A 65-year-old man had a 30-year history of progressive muscle weakness beginning in distal leg muscles, with difficulty climbing stairs and standing from a seated position. His previous medical history had been unremarkable, and there was no family history of neuromuscular disease. On initial neurological evaluation at age 41 years, the patient was found to have proximal and distal leg weakness, with marked atrophy of distal leg muscles and a waddling gait. Electromyography showed “prolonged pseudomyotonic discharges in the left tibialis anterior,” which were interpreted as a sign of myopathy. The results of nerve conduction studies were normal. A muscle biopsy of the left vastus lateralis revealed multiple neutral lipid vacuoles in more than 50% of the fibers. Based on these findings, the patient was diagnosed with a lipid storage myopathy. Subsequent investigations showed normal carnitine levels and normal activity of carnitine palmitoyltransferase II.

At age 51 years, his muscles and plasma carnitine levels were normal. The result of a urine lipid profile, as determined by chromatography, was normal. His urine organic acid levels were grossly normal, with a slightly low level of β-hydroxybutyrate at 0.01 mg/dL (normal range, 0.1-1.0 mg/dL) and slightly elevated level of alanine at 3.53 mg/dL (normal range, 1.34-3.20 mg/dL; to convert to micromoles per liter, multiply by 112.2). Serum lipid and acyl-carnitine profiles, as well as venous lactate, pyruvate, and acetoacetate levels, were normal. The results of β-oxidation pathway enzyme activities measured in a second muscle biopsy were normal.

The patient's condition continued to worsen. He began using a cane at age 57 years. Since age 60 years, he has experienced hand weakness resulting in difficulty with fasteners and writing. By the time he was evaluated at Columbia University Medical Center, New York, New York, in 2010, he was able to climb stairs only with handrail support and to walk by supporting himself against the walls. Outside of his home, he uses a wheelchair. In spite of these difficulties, he has been able to continue working full-time as an engineer. He has no brain or peripheral nerve symptoms, and there is no clinical or laboratory evidence of cardiomyopathy.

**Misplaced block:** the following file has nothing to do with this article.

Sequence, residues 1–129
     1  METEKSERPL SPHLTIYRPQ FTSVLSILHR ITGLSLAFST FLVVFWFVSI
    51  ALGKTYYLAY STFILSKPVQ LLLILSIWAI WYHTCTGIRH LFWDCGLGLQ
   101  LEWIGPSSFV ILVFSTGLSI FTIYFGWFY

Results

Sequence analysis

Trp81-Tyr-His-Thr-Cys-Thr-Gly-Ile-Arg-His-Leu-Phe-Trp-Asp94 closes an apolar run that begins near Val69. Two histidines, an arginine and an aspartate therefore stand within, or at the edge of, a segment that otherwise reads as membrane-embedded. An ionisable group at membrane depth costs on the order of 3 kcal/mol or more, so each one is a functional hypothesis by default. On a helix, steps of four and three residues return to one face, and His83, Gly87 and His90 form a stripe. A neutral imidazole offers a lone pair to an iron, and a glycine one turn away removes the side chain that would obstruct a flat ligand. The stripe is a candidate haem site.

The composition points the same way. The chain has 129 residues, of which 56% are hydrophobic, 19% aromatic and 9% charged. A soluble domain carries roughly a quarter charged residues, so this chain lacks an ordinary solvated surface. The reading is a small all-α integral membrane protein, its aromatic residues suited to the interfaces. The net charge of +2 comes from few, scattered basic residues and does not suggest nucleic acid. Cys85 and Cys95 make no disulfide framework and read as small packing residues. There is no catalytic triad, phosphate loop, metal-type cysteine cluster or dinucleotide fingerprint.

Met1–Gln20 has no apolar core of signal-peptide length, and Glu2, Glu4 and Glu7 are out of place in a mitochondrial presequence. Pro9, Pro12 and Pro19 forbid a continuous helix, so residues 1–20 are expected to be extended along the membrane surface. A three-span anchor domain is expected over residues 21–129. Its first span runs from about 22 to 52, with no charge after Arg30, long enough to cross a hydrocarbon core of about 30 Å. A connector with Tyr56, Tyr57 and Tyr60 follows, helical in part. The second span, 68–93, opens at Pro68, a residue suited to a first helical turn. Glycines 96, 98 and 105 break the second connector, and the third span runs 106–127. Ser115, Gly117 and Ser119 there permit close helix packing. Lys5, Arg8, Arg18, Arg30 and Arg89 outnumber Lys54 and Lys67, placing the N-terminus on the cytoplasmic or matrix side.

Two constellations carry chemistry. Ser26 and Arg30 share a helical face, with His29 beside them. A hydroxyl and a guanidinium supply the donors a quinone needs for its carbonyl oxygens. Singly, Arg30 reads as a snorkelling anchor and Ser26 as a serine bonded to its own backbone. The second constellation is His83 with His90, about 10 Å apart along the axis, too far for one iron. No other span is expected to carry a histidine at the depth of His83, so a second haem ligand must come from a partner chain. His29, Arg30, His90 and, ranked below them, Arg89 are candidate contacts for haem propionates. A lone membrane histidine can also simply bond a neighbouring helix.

His serum creatine kinase level was 330 U/L (normal range, 51-295 U/L), and a Wright stain of a peripheral blood smear confirmed the presence of lipid droplets in the patient's leukocytes (Figure 1). Sequencing of PNPLA2 revealed a homozygous nonsense mutation in exon 9 at c.1081G>T, with predicted protein defect p.E361X (Figure 2). The patient's wife did not carry the mutation, but his 2 siblings and 2 children are all carriers (Figure 3), and the mutation was not found in 150 normal chromosomes.

Figure 1. Vacuolization of granulocytes (Jordans anomaly) in a peripheral blood smear from the patient.

Figure 1. Vacuolization of granulocytes (Jordans anomaly) in a peripheral blood smear from the patient.

Figure 2. Electropherogram showing the patient's homozygous c.1081G>T mutation in exon 9 of the PNPLA2 gene.

Figure 2. Electropherogram showing the patient's homozygous c.1081G>T mutation in exon 9 of the PNPLA2 gene.

Figure 3. Pedigree of the family based on molecular data. Half-filled symbols are PNPLA2 mutation carriers, and the black symbol denotes homozygous mutation status of the proband (P). U indicates untested.

Figure 3. Pedigree of the family based on molecular data. Half-filled symbols are PNPLA2 mutation carriers, and the black symbol denotes homozygous mutation status of the proband (P). U indicates untested.